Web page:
Natascha Domeisen’s ‘The importance of being (im)perfect’ brings up a key aspect of understanding parchment. This is a subject that has increasingly interested me, as a conservator, in recent years. Drawing attention to dramatic holes and repairs found in the writing surface reminds us of the human element that is so visible in these books.
Parchment production is a complex, highly skilled, and time-consuming process that is now largely lost to us. Decisions were required at every stage – from production through to use – about how to respond to processing a natural skin material, how many of the inevitable marks would be visible at the end, and whether these were acceptable.
The two lovely examples that we see in MS. Laud Misc. 106, fol 123r and MS. Laud Lat. 117, fol. 17v show decisions taken by both the parchment makers and scribes.
MS. Laud Misc. 106 has lots of leaves showing holes that have opened out during the tensioning process (the skin isn’t stretched as it doesn’t get larger). Fol. 87 has a nice example showing some remaining hair at the edge of the hole that indicates that that this hole at least was caused prior to dehairing – probably as the skin was being removed from the carcass. The parchment maker in this case did not sew up any of the larger holes during production, and the scribe has just written around them without any attempt to patch of repair them before use. Clearly the choice of parchment with its holes and flaws was accepted here.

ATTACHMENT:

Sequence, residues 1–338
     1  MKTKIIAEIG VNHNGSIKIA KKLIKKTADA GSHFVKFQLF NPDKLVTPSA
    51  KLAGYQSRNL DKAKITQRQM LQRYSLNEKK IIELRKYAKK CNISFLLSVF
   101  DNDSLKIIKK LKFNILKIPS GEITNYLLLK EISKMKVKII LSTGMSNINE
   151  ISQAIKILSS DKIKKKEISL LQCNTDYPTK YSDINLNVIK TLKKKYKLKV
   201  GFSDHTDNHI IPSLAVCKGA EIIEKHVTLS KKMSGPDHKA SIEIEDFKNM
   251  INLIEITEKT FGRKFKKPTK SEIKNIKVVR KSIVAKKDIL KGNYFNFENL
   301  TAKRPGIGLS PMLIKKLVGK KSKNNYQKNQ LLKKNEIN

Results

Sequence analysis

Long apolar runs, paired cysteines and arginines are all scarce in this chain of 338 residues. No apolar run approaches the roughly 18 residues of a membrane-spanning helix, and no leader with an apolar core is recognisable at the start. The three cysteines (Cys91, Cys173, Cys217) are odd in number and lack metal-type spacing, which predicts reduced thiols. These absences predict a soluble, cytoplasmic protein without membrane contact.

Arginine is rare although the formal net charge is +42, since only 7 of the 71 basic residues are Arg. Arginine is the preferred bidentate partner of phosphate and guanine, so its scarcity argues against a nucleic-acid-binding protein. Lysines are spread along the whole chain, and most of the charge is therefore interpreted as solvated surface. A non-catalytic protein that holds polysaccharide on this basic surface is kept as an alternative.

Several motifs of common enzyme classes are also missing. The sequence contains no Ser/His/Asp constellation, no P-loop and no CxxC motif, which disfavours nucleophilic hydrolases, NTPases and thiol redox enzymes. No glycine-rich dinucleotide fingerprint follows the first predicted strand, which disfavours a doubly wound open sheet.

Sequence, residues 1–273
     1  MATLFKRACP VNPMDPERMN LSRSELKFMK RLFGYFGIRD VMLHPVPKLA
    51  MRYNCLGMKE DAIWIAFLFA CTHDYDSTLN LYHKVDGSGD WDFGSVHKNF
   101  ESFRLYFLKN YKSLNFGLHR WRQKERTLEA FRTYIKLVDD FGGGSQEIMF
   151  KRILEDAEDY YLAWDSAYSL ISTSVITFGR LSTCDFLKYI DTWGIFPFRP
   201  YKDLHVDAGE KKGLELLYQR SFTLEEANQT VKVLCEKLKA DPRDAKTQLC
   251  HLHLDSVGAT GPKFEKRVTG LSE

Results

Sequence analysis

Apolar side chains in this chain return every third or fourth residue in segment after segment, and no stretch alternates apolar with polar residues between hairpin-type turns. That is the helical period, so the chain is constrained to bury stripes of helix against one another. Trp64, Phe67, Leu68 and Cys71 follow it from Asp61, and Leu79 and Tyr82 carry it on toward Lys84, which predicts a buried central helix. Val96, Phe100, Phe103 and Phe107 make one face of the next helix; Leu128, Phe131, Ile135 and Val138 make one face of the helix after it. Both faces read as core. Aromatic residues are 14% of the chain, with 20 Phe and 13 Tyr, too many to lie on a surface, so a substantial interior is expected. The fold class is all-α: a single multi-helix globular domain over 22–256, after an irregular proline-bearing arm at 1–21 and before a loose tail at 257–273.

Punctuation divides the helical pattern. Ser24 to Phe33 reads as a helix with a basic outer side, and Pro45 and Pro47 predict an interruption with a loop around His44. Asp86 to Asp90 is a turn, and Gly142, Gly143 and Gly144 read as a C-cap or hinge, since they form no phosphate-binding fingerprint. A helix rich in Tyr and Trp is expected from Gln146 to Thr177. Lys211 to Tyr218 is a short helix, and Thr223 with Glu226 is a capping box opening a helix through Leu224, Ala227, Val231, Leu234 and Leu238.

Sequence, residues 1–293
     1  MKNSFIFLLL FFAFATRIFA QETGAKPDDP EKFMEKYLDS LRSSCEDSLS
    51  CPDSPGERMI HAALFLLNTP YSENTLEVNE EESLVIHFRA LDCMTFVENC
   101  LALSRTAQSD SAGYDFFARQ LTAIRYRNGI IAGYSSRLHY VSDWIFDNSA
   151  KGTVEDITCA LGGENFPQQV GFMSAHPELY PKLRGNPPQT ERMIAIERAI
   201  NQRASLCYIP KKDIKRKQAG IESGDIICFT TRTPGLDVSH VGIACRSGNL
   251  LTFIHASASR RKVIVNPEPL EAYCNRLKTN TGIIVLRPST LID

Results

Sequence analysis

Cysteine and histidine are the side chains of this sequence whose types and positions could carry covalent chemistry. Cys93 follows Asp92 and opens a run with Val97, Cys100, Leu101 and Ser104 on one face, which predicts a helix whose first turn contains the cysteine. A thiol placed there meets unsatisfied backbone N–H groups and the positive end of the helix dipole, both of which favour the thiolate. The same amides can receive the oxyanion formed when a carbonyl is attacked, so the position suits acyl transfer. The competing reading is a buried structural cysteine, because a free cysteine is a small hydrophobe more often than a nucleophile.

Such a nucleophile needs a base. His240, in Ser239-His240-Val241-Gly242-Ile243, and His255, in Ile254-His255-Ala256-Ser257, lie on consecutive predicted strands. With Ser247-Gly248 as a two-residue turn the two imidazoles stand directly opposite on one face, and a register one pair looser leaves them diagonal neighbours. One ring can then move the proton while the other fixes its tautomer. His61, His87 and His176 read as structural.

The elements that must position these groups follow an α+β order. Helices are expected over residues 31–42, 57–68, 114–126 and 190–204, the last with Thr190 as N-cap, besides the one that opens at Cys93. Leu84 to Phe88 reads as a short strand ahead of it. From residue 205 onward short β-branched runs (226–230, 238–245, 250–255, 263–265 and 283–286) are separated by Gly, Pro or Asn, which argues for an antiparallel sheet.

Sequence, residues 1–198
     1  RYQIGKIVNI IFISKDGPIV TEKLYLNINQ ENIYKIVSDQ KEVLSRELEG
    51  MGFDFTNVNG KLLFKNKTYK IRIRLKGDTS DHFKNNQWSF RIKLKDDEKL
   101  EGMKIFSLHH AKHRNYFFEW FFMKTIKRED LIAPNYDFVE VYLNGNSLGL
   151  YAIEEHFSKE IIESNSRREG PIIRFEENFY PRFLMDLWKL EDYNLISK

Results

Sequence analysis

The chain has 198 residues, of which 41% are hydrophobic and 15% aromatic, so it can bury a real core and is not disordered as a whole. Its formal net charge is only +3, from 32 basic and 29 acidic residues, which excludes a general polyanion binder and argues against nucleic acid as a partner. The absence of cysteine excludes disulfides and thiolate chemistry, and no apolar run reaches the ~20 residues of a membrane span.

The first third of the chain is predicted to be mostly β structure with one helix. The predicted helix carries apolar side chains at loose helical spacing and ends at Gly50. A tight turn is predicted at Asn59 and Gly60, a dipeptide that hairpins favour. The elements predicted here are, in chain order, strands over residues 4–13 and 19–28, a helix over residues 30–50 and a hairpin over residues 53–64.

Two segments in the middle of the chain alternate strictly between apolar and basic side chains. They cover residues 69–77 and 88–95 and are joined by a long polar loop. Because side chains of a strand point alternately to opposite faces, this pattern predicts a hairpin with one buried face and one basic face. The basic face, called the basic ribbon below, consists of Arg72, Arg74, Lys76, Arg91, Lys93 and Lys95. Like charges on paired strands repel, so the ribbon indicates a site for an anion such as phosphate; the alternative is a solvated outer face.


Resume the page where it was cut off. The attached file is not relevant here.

On fol. 123, there appear to be several holes (I think I can see the edges of four) in a small area. It is very hard to work and scrape around holes and this area would probably have been thicker and gelatinized. I think what we see here is the scribe cutting away an awkward area of parchment before use, but again making no attempt to patch or repair it. I think I can see a similar approach taken on a number of the other leaves, though not as dramatically.
MS. Laud Lat. 117 is slightly different as it has lots of smaller holes as well as sewn repairs by the parchment maker – and then possibly modified repairs which may have been carried out as the manuscript was written. It is interesting that there are many small holes left alongside some sewn repairs for larger holes or flaws.
This was not always successful. On fol. 110, a tear has opened, and the tension has broken the thread on the middle hole on fol. 17 which then spread up. For both I’m not sure if the thread we now see is the parchment maker’s or if it was replaced later when the parchment was surfaced, or even by the scribe. The decorative or coloured threads that we sometimes find in manuscripts tend to have been carried out during the writing process rather than by the parchment maker.
Isn’t it amazing what you can spot in digitized images?
About the author
Andrew Honey is a book conservator at the Bodleian Library with a teaching and research role. He recently completed the conservation and rebinding of the Winchester Bible and is the conservation advisor to The Mappa Mundi Trust. He has wide interests in the materiality of rare books and manuscripts, and a particular interest in historic paper. His paper research has ranged from the writing papers used by Jane Austen (in Jane Austen’s Fiction Manuscripts) to the faults found in the Shakespeare’s First Folio (’Torn, wrinkled, stained, and otherwise naughty sheets – how should we interpret paper faults in seventeenth-century paper?’).